David Iben put it well when he said, 'Volatility is not a risk we care about. What we care about is avoiding the permanent loss of capital.' It's only natural to consider a company's balance sheet when you examine how risky it is, since debt is often involved when a business collapses. As with many other companies CrowdStrike Holdings, Inc. (NASDAQ:CRWD) makes use of debt. But the more important question is: how much risk is that debt creating?
When Is Debt Dangerous?
Debt is a tool to help businesses grow, but if a business is incapable of paying off its lenders, then it exists at their mercy. Part and parcel of capitalism is the process of 'creative destruction' where failed businesses are mercilessly liquidated by their bankers. However, a more usual (but still expensive) situation is where a company must dilute shareholders at a cheap share price simply to get debt under control. Of course, debt can be an important tool in businesses, particularly capital heavy businesses. When we examine debt levels, we first consider both cash and debt levels, together.
What Is CrowdStrike Holdings's Net Debt?
As you can see below, CrowdStrike Holdings had US$741.8m of debt, at July 2023, which is about the same as the year before. You can click the chart for greater detail. However, it does have US$3.17b in cash offsetting this, leading to net cash of US$2.43b.
A Look At CrowdStrike Holdings' Liabilities
The latest balance sheet data shows that CrowdStrike Holdings had liabilities of US$2.23b due within a year, and liabilities of US$1.42b falling due after that. Offsetting this, it had US$3.17b in cash and US$539.5m in receivables that were due within 12 months. So these liquid assets roughly match the total liabilities.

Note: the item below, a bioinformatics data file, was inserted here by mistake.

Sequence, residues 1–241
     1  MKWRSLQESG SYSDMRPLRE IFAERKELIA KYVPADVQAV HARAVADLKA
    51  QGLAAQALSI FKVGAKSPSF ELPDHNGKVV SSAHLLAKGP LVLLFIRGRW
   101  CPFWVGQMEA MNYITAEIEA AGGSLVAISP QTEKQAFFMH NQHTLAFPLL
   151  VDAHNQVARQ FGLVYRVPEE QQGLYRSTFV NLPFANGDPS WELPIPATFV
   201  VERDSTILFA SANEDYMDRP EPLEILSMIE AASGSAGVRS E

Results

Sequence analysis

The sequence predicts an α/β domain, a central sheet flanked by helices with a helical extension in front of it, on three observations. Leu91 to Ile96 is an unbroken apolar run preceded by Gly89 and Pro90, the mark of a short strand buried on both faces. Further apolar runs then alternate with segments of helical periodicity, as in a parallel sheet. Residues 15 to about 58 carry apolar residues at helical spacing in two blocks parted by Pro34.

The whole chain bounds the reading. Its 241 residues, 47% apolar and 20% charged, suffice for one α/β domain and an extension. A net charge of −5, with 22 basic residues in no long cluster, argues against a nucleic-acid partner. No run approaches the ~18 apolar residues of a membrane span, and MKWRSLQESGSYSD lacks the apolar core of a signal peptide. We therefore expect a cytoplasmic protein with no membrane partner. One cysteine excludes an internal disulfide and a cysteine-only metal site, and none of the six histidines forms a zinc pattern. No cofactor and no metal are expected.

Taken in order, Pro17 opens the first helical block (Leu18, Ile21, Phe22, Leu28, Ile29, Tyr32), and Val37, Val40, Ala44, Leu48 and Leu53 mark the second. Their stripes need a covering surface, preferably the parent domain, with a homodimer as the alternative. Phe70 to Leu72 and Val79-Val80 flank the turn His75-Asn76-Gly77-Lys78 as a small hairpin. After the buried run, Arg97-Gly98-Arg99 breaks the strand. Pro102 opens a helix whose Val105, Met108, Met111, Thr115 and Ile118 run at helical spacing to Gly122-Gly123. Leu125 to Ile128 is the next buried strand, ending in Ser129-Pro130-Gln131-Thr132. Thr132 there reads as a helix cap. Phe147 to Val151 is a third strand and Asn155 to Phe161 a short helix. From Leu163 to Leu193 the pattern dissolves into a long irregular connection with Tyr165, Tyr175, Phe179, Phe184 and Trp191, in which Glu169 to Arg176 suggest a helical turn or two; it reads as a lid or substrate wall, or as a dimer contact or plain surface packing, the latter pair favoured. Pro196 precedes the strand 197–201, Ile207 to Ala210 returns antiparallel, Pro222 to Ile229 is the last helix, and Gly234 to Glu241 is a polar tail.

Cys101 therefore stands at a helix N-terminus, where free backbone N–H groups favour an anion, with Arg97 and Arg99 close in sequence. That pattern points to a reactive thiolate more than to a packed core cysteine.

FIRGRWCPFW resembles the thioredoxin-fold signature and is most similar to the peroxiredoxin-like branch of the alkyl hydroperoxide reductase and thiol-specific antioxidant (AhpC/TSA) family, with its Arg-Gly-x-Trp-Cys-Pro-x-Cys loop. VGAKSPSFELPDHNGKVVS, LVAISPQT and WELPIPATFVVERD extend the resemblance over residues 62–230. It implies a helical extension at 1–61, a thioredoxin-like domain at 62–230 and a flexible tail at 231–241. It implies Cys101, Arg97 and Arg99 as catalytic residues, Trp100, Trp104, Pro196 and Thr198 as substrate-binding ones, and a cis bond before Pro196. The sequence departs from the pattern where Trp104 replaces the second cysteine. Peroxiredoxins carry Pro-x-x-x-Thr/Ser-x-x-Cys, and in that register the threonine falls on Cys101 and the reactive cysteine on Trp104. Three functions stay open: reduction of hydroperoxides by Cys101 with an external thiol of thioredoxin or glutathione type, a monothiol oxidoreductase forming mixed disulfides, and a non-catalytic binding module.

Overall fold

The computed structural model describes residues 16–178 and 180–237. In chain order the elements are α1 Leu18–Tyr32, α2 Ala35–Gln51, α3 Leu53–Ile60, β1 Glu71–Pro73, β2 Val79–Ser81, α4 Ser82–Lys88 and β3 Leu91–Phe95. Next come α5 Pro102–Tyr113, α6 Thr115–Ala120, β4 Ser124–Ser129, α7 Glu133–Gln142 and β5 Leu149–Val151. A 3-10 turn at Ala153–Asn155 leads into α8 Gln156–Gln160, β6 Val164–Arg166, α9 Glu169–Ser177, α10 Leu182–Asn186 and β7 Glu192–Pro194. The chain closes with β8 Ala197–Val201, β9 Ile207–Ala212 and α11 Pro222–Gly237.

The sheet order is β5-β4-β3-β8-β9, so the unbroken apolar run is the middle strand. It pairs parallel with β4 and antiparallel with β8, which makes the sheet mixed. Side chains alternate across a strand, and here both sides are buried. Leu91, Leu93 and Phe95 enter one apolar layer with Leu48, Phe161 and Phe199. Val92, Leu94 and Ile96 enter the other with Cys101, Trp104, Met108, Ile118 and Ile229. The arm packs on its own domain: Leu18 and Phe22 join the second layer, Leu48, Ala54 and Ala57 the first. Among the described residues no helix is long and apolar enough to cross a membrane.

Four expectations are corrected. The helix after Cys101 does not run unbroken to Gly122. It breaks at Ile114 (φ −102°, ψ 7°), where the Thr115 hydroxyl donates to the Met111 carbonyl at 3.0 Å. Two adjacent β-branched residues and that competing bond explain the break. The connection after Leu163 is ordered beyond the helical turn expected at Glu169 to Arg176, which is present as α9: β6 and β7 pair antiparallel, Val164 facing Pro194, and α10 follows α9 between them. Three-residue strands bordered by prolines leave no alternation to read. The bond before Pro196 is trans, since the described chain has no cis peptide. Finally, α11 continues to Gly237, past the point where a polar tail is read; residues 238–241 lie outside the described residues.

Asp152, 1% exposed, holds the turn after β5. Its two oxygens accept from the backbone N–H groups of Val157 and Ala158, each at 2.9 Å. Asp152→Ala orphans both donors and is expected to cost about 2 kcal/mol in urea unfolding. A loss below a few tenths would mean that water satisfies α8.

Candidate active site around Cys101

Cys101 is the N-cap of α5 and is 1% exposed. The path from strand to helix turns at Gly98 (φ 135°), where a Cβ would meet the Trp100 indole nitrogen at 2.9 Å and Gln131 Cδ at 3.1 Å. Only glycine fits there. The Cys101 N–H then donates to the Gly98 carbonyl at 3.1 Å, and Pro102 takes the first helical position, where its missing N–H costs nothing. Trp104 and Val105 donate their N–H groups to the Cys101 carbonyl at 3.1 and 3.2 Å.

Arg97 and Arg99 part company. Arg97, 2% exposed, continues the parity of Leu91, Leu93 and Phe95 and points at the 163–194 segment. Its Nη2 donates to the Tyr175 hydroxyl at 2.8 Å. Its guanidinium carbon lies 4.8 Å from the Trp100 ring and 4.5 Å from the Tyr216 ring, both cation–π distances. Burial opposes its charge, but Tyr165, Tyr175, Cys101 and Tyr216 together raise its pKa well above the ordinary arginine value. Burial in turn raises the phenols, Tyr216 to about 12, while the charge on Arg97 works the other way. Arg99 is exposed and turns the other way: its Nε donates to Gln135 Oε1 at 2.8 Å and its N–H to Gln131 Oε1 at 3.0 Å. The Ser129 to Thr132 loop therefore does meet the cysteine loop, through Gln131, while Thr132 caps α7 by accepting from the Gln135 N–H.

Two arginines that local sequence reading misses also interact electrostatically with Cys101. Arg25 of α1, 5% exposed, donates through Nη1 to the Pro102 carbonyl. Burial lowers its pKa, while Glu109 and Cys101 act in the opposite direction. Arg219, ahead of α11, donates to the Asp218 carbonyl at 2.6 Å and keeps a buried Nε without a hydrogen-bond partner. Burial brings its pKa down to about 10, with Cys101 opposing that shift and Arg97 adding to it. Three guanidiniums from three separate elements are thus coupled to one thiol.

Having regard to CrowdStrike Holdings' size, it seems that its liquid assets are well balanced with its total liabilities. So it's very unlikely that the US$40.8b company is short on cash, but still worth keeping an eye on the balance sheet. Succinctly put, CrowdStrike Holdings boasts net cash, so it's fair to say it does not have a heavy debt load! There's no doubt that we learn most about debt from the balance sheet. But ultimately the future profitability of the business will decide if CrowdStrike Holdings can strengthen its balance sheet over time. So if you're focused on the future you can check out this free report showing analyst profit forecasts.
Over 12 months, CrowdStrike Holdings reported revenue of US$2.6b, which is a gain of 44%, although it did not report any earnings before interest and tax. With any luck the company will be able to grow its way to profitability.
So How Risky Is CrowdStrike Holdings?
Although CrowdStrike Holdings had an earnings before interest and tax (EBIT) loss over the last twelve months, it generated positive free cash flow of US$798m. So although it is loss-making, it doesn't seem to have too much near-term balance sheet risk, keeping in mind the net cash. Keeping in mind its 44% revenue growth over the last year, we think there's a decent chance the company is on track. There's no doubt fast top line growth can cure all manner of ills, for a stock. There's no doubt that we learn most about debt from the balance sheet. However, not all investment risk resides within the balance sheet - far from it. These risks can be hard to spot. Every company has them, and we've spotted 2 warning signs for CrowdStrike Holdings you should know about.
If you're interested in investing in businesses that can grow profits without the burden of debt, then check out this free list of growing businesses that have net cash on the balance sheet.
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This article by Simply Wall St is general in nature. We provide commentary based on historical data and analyst forecasts only using an unbiased methodology and our articles are not intended to be financial advice. It does not constitute a recommendation to buy or sell any stock, and does not take account of your objectives, or your financial situation. We aim to bring you long-term focused analysis driven by fundamental data. Note that our analysis may not factor in the latest price-sensitive company announcements or qualitative material. Simply Wall St has no position in any stocks mentioned.